Challenging the Arts community to think creatively and collaboratively

Carrie Smith embraces new role as Vice-Dean, Faculty of Arts

Donna McKinnon - 20 August 2020

Carrie Smith is used to change. With a personal and academic background that has taken her around the world and back again, the former Chair of the Department of Modern Languages and Cultural Studies brings a robust set of experiences to her new role as Vice-Dean of the Faculty of Arts.

With the COVID-19 pandemic and an unprecedented fiscal crisis facing the University of Alberta, Smith's unique insight into transformational change will help guide the Faculty through the challenges that lay ahead.

“The anxiety many people feel about that uncertainty is important to recognize and honour,” says Smith. “But these challenges must also prompt us as an Arts community to think creatively and collaboratively, to harness grassroots activism and entrepreneurial spirit in equal measures, and to put our people and programs at the forefront of our conversations. If we are able to do all of these things while also keeping our eye on our commitments to equity, diversity, and inclusion, we will be well-positioned to respond proactively to the coming changes.”

Hailing from Portland, Oregon, Smith completed undergraduate and graduate degrees, respectively, at Bard College in New York State and Washington University in St. Louis. For five years of her graduate studies in Germanic Languages and Literatures, she lived and worked in Berlin, followed by postgraduate work in Dublin.

Even with these international institutional experiences, Smith felt that her training was well suited to the North American context and so looked for opportunities to return, but not necessarily to the country of her birth.

“I was keen to move to a country that supports LGBTQIA2S rights at the national level, particularly when it comes to issues such as immigration and parental rights, and so Canada it was,” explains Smith. “The stars aligned and I joined the University of Alberta as Assistant Professor of German Studies in July 2008.”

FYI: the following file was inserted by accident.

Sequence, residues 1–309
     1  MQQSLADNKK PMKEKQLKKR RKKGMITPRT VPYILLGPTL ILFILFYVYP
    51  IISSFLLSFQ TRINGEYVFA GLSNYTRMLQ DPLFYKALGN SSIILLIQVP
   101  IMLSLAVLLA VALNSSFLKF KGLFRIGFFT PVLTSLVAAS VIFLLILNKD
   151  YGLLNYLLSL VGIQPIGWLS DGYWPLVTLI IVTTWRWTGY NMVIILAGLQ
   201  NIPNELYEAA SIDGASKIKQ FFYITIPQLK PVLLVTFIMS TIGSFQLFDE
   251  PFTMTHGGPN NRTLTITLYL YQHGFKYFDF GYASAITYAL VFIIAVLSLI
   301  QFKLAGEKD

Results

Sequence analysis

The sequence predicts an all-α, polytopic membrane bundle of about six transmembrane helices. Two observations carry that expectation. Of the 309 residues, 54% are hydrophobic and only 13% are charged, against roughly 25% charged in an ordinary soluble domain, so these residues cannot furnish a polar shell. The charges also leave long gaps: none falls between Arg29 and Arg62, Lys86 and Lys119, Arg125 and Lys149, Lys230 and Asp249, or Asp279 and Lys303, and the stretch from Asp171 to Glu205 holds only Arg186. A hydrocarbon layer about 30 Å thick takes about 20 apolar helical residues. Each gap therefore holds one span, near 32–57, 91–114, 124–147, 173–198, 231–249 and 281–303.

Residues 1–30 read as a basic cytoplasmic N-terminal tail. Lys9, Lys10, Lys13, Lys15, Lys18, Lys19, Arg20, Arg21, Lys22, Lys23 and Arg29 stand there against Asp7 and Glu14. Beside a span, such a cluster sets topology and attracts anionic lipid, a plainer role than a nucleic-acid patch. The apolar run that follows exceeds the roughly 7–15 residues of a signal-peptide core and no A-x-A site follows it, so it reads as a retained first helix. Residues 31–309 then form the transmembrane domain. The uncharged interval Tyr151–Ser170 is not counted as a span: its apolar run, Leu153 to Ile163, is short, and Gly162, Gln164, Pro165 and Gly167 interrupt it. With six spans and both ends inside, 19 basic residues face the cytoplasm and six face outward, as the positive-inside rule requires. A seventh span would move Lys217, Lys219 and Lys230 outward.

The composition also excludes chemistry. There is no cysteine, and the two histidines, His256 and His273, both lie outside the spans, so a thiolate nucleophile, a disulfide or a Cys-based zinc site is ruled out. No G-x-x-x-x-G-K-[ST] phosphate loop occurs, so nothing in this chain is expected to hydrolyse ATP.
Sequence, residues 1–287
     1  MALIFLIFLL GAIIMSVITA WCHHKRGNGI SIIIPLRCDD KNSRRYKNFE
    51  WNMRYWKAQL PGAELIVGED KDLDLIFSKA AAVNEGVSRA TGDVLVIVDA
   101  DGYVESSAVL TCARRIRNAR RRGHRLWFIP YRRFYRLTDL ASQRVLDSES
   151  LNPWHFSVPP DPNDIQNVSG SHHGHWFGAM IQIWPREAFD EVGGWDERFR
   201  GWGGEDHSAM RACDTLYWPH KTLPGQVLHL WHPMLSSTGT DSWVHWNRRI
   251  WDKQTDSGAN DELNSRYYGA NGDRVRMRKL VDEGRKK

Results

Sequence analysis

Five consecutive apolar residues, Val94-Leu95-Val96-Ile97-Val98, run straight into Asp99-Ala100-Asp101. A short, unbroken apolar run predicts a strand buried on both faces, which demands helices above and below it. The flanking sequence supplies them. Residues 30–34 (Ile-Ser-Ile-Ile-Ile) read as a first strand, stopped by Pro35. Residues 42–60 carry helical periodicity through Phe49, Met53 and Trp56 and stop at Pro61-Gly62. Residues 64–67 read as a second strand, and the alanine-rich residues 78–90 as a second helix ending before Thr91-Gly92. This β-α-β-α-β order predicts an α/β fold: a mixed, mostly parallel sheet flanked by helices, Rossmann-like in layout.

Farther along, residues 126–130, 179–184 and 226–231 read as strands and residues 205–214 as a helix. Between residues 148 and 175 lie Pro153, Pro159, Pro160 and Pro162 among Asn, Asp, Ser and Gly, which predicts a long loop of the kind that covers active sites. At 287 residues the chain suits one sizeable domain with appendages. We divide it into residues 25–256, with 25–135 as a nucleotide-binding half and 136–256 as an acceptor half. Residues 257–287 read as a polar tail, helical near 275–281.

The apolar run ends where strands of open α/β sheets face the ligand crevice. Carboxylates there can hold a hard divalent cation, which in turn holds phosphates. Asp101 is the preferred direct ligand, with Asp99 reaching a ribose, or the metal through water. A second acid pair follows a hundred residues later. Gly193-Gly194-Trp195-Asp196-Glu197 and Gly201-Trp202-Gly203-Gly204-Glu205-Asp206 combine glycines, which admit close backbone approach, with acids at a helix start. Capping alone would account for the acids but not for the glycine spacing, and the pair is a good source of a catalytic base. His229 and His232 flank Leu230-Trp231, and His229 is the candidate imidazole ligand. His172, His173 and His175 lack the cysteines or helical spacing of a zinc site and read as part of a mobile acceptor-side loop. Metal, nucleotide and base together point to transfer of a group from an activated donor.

When Smith gained enough linguistic knowledge to analyze a text in a language other than English—it was a powerful moment. Specifically, she says, the cultures of German-speaking countries offer a unique perspective on the challenges facing us more broadly—such as racism, police violence, xenophobia, the rise of the popular right, ecological collapse, and reconciling with the legacies of a violent past.

Interested in how political impulses resonate in, and are shaped by, cultural and creative products, Smith began to focus on the various ways in which digital culture has transformed feminist activism in its practice, products, politics, theory, and communities.

Her research has three general areas of concern: hashtag and social media-based feminist activism; feminist communities of practice (from hackerspaces to street spaces); and digitally-born or digitally-responsive creative outputs (video art, performance art, experimental film). More recently, she has focused on the complexities around coalition-building and collaboration among these areas. A second research strand looks specifically to institutional practices and feminist leadership, including rethinking German Studies through social justice and interdisciplinarity.

Appointed Chair of the Department of Modern Languages and Cultural Studies in 2017, Smith was deeply involved in the complete restructuring of the graduate program as well as the launch of a new BA (and the simultaneous closure of many others).

“I learned a great deal about the visionary and collaborative processes that go into such change – including hard conversations and passionate exchanges,” says Smith. “These experiences taught me how to bring many communities together around the same table, how important transparency is from start to finish, and what role criticism and questions play in producing the best possible end result.”

Smith says that being a departmental leader was “so rewarding” because it enabled her to support people that share a similar disciplinary vocabulary, but at the same time, she was equally interested in learning how the Faculty and the University works more broadly.

Serving as Chair of the inaugural Faculty of Arts Committee on Equity, Diversity, and Inclusion, Smith had the opportunity to meet with each individual departmental executives and many of the staff groups throughout the months of January and February.

“I gained insight into how our commonalities and differences across Arts intersect in generative ways,” says Smith. “I look forward to exploring those connections more deeply.”

Smith’s off-campus time is consumed by the activities of her young children, including soccer, swimming, and capoeira, with the remaining time taken up with board games and visits to playgrounds. In her ‘non-kid’ time, she does barre or takes walks with her wife, fascinated by the architecture across neighbourhoods and the role community leagues play in the city.

“There is no doubt that the challenges we as a university and Faculty are facing are daunting, says Smith. “There will be many whose lives will be impacted in different ways, but I am excited to be able to learn from and serve a broader cross-section of the Faculty in this new role.”